47. That makes the figures considerably
more transparent. The last question I want to ask relates to briefing
note entitled "Sport is Good News and Value for Money".
It is the last four lines in that note where it says, "Unlike
charities, Heritage, New Opportunities and Millennium which have
needs based formulae, the Lottery Sports Fund is based on the
inadequate 2.8 per cent formula and provides NI with £6 million
per annum, a significant element of which is predetermined to
meet government commitments." Since the whole principle of
the Lottery is that additionality does not apply, what are the
government commitments you are meeting?
(Mr O'Connor) The United Kingdom Sports Institute
is an example of where we have had to contribute both to the UK
aspect of it and to our own. We are not suggesting that that is
not a worthwhile cause, but we had no debate or discussion about
it, we were told. We also had to make our contribution to the
Millennium Fund and that was £15 million, so we had to make
our 2.8 per cent to that. There is also a "request"
to support the funding of the safety in sports grounds. There
are a number of projects which are decided outside and this would
not matter if we had a sizable budget, but when it is very small,
every time that happens it is not an equal transfer because of
the percentages that you mentioned earlier on.
48. I do understand how the figures were
made up, but it would be sensible if we had a note which indicated
what government commitments you have been required to meet and
how farI want to probe the words "government commitments"
slightlythose were commitments which were entered into
on a national basis and each of the relevant sports bodies agreed
that they would be making a contribution, which is a slightly
different thing from it being a government commitment.
(Mr O'Connor) It would be all of them.
Chairman: The note
can make that clear. If there are no other supplementary questions
on the national stadium let me just ask Mr McCabe to ask a final
49. Despite all the issues about funding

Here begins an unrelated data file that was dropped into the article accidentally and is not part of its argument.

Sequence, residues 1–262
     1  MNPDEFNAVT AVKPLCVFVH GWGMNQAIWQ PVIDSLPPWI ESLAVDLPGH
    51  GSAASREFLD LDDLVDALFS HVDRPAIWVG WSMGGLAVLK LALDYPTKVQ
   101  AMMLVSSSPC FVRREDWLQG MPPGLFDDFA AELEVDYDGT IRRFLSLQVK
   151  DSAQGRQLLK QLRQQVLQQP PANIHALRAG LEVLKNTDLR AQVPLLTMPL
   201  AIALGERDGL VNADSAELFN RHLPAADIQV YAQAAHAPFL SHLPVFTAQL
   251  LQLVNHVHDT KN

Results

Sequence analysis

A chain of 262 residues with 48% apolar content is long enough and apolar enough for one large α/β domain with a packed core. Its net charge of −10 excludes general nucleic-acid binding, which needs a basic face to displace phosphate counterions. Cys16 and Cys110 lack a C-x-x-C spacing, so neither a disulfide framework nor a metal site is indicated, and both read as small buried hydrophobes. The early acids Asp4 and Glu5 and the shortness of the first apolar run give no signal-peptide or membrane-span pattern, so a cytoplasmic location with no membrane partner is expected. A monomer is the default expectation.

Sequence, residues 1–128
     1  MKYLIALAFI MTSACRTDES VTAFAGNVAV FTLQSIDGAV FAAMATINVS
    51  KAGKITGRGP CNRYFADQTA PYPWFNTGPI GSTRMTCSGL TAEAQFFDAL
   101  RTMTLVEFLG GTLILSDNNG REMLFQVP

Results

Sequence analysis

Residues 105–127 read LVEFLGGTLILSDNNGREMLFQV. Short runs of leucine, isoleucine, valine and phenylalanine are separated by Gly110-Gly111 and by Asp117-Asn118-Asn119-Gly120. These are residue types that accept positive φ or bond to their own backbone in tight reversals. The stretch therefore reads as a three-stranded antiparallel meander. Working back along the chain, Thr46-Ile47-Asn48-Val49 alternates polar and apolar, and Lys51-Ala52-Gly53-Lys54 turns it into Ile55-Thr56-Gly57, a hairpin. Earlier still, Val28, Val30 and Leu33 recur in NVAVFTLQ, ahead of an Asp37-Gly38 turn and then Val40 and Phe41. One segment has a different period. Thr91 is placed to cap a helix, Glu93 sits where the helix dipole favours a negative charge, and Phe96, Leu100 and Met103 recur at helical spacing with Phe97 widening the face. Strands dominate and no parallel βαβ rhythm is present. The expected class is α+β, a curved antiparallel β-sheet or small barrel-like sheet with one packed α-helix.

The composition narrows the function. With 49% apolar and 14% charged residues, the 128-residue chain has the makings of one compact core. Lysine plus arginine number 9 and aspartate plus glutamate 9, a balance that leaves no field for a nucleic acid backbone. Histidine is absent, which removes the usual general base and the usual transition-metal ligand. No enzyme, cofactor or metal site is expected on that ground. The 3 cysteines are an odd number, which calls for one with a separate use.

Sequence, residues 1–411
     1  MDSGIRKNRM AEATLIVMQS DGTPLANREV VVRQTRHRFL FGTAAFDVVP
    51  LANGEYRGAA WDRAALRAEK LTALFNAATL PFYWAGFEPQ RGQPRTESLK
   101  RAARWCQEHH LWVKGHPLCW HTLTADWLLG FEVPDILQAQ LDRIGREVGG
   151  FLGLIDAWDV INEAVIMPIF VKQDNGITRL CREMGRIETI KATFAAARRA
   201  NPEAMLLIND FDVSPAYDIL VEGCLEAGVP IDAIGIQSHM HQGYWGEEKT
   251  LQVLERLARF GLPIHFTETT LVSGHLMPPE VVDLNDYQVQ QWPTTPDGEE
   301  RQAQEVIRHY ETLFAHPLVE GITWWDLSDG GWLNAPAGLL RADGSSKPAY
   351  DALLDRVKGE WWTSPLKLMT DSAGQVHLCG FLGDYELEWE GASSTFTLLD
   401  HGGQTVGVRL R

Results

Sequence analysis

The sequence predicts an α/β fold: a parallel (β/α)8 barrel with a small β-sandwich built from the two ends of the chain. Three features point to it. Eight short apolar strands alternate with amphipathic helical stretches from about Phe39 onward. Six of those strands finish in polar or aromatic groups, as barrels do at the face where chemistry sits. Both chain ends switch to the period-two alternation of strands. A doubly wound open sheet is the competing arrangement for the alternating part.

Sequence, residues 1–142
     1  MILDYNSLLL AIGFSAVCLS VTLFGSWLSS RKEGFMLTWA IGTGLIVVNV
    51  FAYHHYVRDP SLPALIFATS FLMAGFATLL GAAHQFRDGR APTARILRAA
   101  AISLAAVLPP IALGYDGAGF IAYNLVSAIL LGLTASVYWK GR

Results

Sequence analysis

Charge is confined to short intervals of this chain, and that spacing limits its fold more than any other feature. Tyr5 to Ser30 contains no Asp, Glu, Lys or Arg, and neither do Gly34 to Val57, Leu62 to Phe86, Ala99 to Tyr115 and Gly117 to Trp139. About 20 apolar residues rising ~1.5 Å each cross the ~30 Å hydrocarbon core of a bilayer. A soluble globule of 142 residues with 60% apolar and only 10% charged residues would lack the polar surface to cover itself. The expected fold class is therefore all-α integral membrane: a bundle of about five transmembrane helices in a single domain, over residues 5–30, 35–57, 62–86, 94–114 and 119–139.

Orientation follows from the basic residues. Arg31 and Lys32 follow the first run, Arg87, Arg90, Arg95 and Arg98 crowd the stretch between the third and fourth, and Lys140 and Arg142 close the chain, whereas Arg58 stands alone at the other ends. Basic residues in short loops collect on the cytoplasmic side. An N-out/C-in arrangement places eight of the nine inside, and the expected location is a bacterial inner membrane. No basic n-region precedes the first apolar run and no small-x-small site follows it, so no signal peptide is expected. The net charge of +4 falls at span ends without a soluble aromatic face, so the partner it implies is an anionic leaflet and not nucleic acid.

that we have been listening to this morning, could you give us
your overall assessment of the health of sport in Northern Ireland
at all levels at the present time?
(Mr Allen) I think under the difficult circumstances
we had, sport has been very, very healthy and successful. Participation
in sport in Northern Ireland was low. It has increased dramatically
over the last couple of years and that takes money and we are
encouraging clubs and bodies to increase that in order to give
every young person an opportunity. They are great demands. I think
they are finding themselves totally stretched and so we need to
have funding to help them in administration, in coaching and other
(Mr McCartan) It is very difficult to give an
overall description of how sport is going because it is going
better in some areas than others. But if we were to look at a
collective or consolidated view and if we were to look at the
level of participation which is a key factor, participation has
increased by 15 per cent within the last decade, and that is despite
the fact the grant made through the Sports Council has actually
declined. What I would suggest to you, gentlemen, is that we put
that money to very good use. Female sport has increased by 14
per cent and that is reflective of the various policy strategies
and programmes that we have adopted along with our partners in
the governing bodies, districts councils, Education and Library
Boards. In terms of measurement of performance at major international
games, well, the major international games we utilize to measure
that performance is the Commonwealth Games. Two Commonwealth Games
ago, Northern Ireland had its highest achievement ever, winning
a sum total of 11 medals. Unfortunately this year we won five
and that is indicative of a complete absence of national training
facilities because the rest of the world is moving forward, our
athletes are just standing still and we need to address the capacity
which is required to grow our athletics through international
athletes. In terms of disability sport, we have progressed significantly
and our disabled athletes, in terms of participation and excellence,
have increased significantly.
50. I said at the beginning that the fact
that we have come back for the session that we have asked you
to was an index of the quality of the dinner you give us and the
interest you gave us and it is a further index of the manner in
which you presented yourselves. This is without question the longest
session this Committee has ever done. You should certainly regard
yourself as heroes in terms of having sustained it, though I acknowledge
the questions were spread over four people rather than a single
person. It has been extremely worthwhile and I hope you genuinely
will feel it is a compliment that you have been made to work so
hard because of the influence that you all had on a subject for
which you are responsible.
(Mr Allen) Thank you very much. We are delighted
to have been given the opportunity of promoting sport within Northern
Ireland and if this is the longest duration then we have to say
we are delighted and honoured at that and we look forward to meeting
again in the future. Thank you very much for giving us your time.